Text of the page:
Politics

Sen. Mike Lee seeks revisions to Biden’s bilateral security agreement with Ukraine

WASHINGTON, D.C. – Senator Mike Lee and Sen. Rand Paul (R-KY) have both introduced a resolution condemning the Biden Administration’s recently signed bilateral security agreement with Ukraine.

The two senators argue that the signed agreement is unconstitutional and calls for the need for “Senate oversight” in the Biden administration’s guarantees to Ukraine.

“The Biden administration’s decision to sidestep the Constitution and the Senate’s role in treaty ratification is unacceptable,” said Sen. Lee. 

“This agreement not only circumvents the Constitution but also ties the hands of future administrations. Such significant commitments must be subject to thorough scrutiny by the Senate.”

Section two of Article II in the U.S. Constitution, also known as the Treaty Clause, states that the President must have at least two-thirds of the Senate present and in agreement with the proposed treaty. The Senate can approve or disapprove of the treaty and add conditions.

The agreement with Ukraine was reached as an executive agreement, and Senators Lee and Paul contest that this form of agreement “carries no legal weight absent an Act of Congress.”

Senators Lee and Paul also argue that the agreement with Ukraine will also serve as a “backdoor into NATO membership for Ukraine.” Ukraine has been working towards NATO membership since 2008, and any admittance to the alliance would need approval from all 32 member countries.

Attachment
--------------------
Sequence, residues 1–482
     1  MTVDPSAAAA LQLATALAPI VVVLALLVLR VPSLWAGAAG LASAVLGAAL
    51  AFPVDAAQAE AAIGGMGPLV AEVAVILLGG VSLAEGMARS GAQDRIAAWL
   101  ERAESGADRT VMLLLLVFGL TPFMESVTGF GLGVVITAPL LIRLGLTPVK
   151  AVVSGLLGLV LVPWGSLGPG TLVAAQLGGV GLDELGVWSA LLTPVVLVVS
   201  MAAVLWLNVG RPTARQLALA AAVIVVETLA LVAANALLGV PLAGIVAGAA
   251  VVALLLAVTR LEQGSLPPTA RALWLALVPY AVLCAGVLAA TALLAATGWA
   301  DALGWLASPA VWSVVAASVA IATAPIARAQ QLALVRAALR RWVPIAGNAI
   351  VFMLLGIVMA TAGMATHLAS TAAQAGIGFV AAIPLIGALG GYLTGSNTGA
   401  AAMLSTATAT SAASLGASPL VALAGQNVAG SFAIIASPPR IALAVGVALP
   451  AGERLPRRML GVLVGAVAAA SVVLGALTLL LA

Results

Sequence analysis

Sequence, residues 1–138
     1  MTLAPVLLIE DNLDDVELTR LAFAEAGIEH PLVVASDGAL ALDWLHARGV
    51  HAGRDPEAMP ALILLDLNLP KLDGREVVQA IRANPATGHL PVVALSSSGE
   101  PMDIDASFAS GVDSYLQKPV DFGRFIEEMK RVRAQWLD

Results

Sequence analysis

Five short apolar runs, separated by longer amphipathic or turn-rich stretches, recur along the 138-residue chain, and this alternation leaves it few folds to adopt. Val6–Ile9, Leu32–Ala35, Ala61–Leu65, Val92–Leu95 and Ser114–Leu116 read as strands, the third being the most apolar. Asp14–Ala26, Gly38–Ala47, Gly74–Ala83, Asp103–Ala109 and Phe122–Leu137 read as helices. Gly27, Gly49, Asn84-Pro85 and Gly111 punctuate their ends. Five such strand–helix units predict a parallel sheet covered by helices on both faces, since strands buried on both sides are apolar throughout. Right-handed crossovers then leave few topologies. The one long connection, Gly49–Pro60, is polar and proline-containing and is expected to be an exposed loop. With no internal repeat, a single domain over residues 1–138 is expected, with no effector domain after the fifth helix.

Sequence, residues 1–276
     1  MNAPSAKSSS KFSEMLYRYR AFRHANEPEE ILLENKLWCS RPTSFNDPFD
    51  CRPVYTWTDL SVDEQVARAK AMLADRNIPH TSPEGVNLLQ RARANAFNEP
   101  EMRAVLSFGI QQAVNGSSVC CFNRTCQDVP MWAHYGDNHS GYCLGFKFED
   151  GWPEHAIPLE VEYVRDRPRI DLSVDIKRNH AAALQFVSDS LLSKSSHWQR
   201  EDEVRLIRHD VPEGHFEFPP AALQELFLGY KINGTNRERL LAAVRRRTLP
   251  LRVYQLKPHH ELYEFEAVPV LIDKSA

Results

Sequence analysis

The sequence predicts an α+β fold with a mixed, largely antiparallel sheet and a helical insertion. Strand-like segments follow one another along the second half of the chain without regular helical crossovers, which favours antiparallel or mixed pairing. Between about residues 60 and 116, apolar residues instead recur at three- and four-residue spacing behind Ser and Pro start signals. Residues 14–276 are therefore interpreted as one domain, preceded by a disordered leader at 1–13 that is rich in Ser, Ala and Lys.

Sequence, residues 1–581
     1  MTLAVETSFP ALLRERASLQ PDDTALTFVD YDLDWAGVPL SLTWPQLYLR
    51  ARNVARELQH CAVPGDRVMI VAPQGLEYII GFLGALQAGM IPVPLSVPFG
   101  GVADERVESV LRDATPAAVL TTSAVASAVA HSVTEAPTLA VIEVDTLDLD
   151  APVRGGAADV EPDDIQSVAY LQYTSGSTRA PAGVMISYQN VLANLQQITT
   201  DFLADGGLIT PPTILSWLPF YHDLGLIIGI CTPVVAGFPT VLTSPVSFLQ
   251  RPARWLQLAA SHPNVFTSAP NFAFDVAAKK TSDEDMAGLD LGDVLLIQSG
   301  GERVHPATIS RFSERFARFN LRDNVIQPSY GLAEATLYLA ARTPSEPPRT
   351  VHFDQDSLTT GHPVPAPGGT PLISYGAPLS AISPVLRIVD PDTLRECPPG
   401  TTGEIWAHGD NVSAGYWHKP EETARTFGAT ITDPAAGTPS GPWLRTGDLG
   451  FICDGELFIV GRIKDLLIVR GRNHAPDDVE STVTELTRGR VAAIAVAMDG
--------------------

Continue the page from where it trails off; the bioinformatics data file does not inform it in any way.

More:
President Biden’s bilateral security agreement with Ukraine commits America to yet another endless war,” said Sen. Paul.

“This deal risks entrapping future administrations to a prolonged military engagement without a clear exit strategy or sufficient burden-sharing from our European allies. We must prioritize American interests and avoid endless foreign entanglements.”

In the signed agreement, which will last for 10 years, the Biden Administration pledges to continue to build and maintain Ukraine’s defense and deterrence capabilities; strengthen Ukraine’s abilities to sustain a long-term fight; accelerate Ukraine’s accession to the European Union and NATO; as well as “consult in the event of a future Russian armed attack against Ukraine at the highest levels to determine appropriate and necessary measures to support Ukraine and impose costs on Russia.”

The agreement between the U.S. and Ukraine also commits the U.S. to Ukrainian support until ‘‘its sovereignty and territorial integrity are fully restored.”

If the Senators’ resolution is passed, the U.S. will not enter into a mutual agreement to provide security guarantees or long-term security assistance to Ukraine, as well as nullify the current agreement until it is submitted to the Senate for ratification consistent with the requirements of the Treaty Clause of the Constitution.

Lastly, the two Senators want to make it clear that the security agreement will not recognize the deal as “a bridge to Ukraine’s membership” into NATO.

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